Adding Up Romney’s Fantasy Math on Taxes and Jobs

The Republican presidential candidate’s plans would lead to the loss of 1.1 million jobs next year and in 2014.

Republican presidential candidate Mitt Romney pauses during a campaign stop at Worthington Industries, a metal processing company, in Worthington, Ohio, Thursday, October 25, 2012. (AP/Charles Dharapak)
Republican presidential candidate Mitt Romney pauses during a campaign stop at Worthington Industries, a metal processing company, in Worthington, Ohio, Thursday, October 25, 2012. (AP/Charles Dharapak)

One of the 270 phrases the “Teen Talk Barbie” once uttered was, “Math class is tough!” Republican presidential candidate and former Massachusetts Gov. Mitt Romney apparently believes every child in America (along with their parents and grandparents) took this to heart back when the talking doll was released in 1992. How else to explain his clear conviction that voters can’t do the basic arithmetic on his fantasy tax and jobs plans?

That’s the only conclusion I can draw from the fact that in a live, nationally televised debate, Gov. Romney told the American people that “My number one principle is there will be no tax cut that adds to the deficit,” and “I will create—help create 12 million new jobs in this country with rising incomes.”

This is nonsense. The Economic Policy Institute recently completed some new analysis to include Gov. Romney’s claim from the first presidential debate that he will lower the rate but not add to the deficit. Gov. Romney should read their report. They find that if he follows his own plan and implements his own revenue-neutral criteria, the economy will shed about 1.1 million jobs in 2013 and lose nearly an additional 1.8 million in 2014.

This bears repeating: Not add 1.1 million jobs next year, but lose 1.1 million. That would be a whopping 2.9 million fewer jobs that we’ve had in the past 12 months.

So let’s walk through the math. First, Gov. Romney clearly articulated that his economic plan would be to “make permanent, across-the-board 20 percent cut in marginal rates” but that this will not add to the deficit. It will be what economists call “revenue neutral.”

This leads us to our first math problem: How can we lower the tax rate, but have it be revenue neutral? Answer: by raising taxes. If the marginal tax rate is lowered by 20 percent, but this is revenue neutral, then taxes must rise somewhere by enough to cover that 20 percent tax cut. That’s just math.

Now, the trick is that Gov. Romney hasn’t told us where he would raise taxes, but he’s been heard all across America telling people that the tax increase won’t fall on them. The reality is that either someone’s taxes will go up or the federal budget deficit will indeed rise.

Let’s recall where we’ve heard this story before. President Ronald Reagan told us that if we lowered the rate of taxation, the resulting economic growth would be so fast that the revenues would increase sufficiently to make up for the lower rate. As Gregory Mankiw, chair of the Council of Economic Advisers under President George W. Bush, wrote in his textbook Principles of Macroeconomics, this was a classic example of “fad economics,”  concluding, “when politicians rely on the advice of charlatans and cranks, they rarely get the desirable results they anticipate.”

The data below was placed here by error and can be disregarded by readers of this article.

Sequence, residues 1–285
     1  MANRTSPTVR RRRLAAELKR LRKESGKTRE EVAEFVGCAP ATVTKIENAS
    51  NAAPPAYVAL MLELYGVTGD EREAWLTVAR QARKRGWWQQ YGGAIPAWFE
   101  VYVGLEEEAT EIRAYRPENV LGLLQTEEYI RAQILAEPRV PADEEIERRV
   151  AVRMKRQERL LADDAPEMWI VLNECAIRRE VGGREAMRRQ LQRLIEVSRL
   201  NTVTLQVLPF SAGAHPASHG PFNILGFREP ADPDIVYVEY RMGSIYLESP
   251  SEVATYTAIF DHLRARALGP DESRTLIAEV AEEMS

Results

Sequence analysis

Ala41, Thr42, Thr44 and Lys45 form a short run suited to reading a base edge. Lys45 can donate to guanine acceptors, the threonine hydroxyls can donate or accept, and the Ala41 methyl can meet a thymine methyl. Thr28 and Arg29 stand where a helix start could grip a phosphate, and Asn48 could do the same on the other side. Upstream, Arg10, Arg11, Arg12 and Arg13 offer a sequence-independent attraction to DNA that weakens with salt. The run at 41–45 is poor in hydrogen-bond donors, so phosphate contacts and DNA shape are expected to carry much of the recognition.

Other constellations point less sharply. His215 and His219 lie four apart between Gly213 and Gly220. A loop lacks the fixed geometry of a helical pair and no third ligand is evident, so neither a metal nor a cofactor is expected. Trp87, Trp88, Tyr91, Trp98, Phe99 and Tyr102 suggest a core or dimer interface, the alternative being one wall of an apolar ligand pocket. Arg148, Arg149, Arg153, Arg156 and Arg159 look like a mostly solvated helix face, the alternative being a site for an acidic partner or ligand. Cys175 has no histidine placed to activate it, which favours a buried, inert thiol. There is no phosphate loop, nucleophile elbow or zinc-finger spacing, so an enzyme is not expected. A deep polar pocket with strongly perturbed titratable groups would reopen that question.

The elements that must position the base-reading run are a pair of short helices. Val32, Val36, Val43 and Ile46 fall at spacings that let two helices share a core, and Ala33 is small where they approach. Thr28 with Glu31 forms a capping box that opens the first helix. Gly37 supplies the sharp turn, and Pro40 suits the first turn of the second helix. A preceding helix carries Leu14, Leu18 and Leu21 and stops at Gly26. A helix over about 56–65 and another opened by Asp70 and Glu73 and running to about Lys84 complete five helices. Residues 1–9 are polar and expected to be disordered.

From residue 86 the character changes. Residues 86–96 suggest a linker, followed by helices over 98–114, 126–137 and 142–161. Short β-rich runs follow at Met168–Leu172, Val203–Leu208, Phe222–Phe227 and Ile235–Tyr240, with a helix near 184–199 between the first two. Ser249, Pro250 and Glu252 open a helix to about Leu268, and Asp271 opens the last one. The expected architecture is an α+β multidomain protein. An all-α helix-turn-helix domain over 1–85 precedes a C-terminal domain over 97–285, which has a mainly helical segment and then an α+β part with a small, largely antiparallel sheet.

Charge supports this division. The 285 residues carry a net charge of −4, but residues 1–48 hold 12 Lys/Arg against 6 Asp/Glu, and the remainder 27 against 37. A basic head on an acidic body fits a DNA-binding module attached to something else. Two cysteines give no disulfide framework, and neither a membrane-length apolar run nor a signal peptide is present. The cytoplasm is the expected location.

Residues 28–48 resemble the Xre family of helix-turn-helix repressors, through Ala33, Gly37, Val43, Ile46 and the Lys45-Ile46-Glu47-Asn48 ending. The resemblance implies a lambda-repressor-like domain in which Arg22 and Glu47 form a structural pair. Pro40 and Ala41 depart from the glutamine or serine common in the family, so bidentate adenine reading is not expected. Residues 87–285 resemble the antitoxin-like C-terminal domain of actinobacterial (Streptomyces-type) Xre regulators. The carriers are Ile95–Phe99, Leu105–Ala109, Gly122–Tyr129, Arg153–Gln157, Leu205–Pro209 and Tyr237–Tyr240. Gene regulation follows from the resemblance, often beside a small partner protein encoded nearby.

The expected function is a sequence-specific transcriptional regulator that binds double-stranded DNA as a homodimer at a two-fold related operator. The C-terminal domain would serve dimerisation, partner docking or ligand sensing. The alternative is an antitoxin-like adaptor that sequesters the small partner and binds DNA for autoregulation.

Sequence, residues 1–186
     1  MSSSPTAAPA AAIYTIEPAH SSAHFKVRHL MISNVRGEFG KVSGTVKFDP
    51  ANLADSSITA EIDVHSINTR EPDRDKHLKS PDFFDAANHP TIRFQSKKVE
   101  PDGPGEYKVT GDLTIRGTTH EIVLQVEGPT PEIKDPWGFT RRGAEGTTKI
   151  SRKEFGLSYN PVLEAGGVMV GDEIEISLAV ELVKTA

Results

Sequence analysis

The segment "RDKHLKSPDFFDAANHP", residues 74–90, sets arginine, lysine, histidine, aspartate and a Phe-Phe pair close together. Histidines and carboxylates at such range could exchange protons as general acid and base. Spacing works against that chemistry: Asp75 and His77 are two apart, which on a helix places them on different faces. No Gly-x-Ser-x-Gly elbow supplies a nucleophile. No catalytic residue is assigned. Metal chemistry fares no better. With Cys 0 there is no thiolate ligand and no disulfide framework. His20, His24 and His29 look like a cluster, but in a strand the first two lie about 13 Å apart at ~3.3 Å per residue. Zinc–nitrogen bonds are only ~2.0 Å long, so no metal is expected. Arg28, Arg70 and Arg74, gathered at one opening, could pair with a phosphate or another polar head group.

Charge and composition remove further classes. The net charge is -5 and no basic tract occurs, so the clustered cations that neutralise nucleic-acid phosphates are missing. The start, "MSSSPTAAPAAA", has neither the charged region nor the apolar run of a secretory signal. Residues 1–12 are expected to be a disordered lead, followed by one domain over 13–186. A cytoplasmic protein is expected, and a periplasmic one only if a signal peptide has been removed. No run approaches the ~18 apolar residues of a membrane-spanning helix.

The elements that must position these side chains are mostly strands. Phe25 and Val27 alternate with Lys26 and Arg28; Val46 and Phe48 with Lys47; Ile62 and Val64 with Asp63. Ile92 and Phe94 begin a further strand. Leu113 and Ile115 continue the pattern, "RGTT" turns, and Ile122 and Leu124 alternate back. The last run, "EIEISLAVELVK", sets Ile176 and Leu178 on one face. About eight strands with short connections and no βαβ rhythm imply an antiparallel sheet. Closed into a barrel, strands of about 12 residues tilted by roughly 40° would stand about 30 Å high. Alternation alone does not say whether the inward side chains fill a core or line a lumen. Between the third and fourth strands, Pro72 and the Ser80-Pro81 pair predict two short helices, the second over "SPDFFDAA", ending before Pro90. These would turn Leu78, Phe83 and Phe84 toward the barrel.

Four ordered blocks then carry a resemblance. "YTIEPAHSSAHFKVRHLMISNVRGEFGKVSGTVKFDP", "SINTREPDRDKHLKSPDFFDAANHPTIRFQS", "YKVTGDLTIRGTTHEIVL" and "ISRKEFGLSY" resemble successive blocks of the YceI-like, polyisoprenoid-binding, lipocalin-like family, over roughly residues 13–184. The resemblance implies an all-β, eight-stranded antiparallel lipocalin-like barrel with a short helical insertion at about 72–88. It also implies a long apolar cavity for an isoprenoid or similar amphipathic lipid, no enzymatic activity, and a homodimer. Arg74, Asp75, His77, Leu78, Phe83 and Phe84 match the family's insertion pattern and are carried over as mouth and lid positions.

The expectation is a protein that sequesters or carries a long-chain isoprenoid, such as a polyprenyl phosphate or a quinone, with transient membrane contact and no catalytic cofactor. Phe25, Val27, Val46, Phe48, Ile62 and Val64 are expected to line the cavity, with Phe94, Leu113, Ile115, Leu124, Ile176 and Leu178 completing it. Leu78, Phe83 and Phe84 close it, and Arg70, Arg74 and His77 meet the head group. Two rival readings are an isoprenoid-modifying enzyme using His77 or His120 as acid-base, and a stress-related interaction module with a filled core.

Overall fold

Mankiw and his textbook are right. “After the 1980 presidential election, Congress passed the cut in tax rates that President Reagan advocated, but the tax cut did not cause tax revenues to rise.” Tax revenue fell and this resulted in the “largest peacetime increase in the government debt in U.S. history.” Ironically, Teen Talk Barbie was released after Reaganomics nearly tripled U.S. debt (in nominal dollars), so maybe her manufacturer, Mattel, Inc., was concerned that little girls weren’t taking enough math.

But let’s turn to the second math problem. Gov. Romney claims he will create 12 million jobs, 7 million of which will be generated by his revenue-neutral tax cuts. So how can we create 7 million jobs through revenue-neutral tax changes? Answer: We can’t.

In a white paper outlining his economic platform, “Believe in America: Mitt Romney’s Plan for Jobs and Economic Growth,” Gov. Romney offers a 59-point plan to create jobs and lower unemployment. The Center for American Progress Action Fund went through this 59-point plan and, by a conservative tally, found that the plan would actually cost the economy about 360,000 jobs in 2013 alone.

Now, that’s pretty bad. But the story may be far worse. The Economic Policy Institute’s new analysis of Gov. Romney’s claims sees the economy shedding about 1.1 million jobs in 2013 and even more in 2014. This compares to the economy creating 1.8 million jobs in the past year under President Obama.

President Bush also claimed he could grow the economy if Americans would agree to slashing taxes on the rich. In 2001 Glenn Hubbard, chairman of President Bush’s Council of Economic Advisers, predicted that tax cuts for the richest Americans would “quickly deliver a boost to move the economy back toward its long-run growth path.”

Now, it’s also just math to look at what happened after the Bush tax cuts. Our economy experienced its worst record for growth in investment, employment, and incomes in half a century—devastating our middle class.

All of this math speaks for itself, but not so for “Teen Talk Barbie.” Mattel was forced to recall the math-adverse Barbie, and rumors are that only a few remain. Hopefully, Gov. Romney’s bet that Americans took her seriously will be wrong.

Heather Boushey is a Senior Economist at the Center for American Progress Action Fund.

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Heather Boushey

Senior Fellow